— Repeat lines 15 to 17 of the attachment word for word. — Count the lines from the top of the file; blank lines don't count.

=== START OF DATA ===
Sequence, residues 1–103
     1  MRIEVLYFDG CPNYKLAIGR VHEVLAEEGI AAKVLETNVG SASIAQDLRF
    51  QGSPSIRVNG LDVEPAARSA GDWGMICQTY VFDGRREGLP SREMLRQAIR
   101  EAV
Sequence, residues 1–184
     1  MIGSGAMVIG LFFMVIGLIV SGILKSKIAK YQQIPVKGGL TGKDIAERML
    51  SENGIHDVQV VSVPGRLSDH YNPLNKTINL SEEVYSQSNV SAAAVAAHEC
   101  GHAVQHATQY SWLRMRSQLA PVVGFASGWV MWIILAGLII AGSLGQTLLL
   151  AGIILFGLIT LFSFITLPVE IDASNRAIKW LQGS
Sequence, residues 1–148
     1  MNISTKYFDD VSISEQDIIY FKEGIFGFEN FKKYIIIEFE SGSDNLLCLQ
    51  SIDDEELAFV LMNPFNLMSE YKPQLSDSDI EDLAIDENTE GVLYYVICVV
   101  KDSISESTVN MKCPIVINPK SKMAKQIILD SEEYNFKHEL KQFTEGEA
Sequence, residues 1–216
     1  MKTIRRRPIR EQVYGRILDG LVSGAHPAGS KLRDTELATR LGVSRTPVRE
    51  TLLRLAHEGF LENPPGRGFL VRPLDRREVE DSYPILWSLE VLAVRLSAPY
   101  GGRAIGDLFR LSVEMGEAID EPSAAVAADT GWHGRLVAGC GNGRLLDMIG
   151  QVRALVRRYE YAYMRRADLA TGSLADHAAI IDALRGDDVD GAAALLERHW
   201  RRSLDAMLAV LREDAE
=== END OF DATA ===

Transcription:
     1  MKTIRRRPIR EQVYGRILDG LVSGAHPAGS KLRDTELATR LGVSRTPVRE
    51  TLLRLAHEGF LENPPGRGFL VRPLDRREVE DSYPILWSLE VLAVRLSAPY
   101  GGRAIGDLFR LSVEMGEAID EPSAAVAADT GWHGRLVAGC GNGRLLDMIG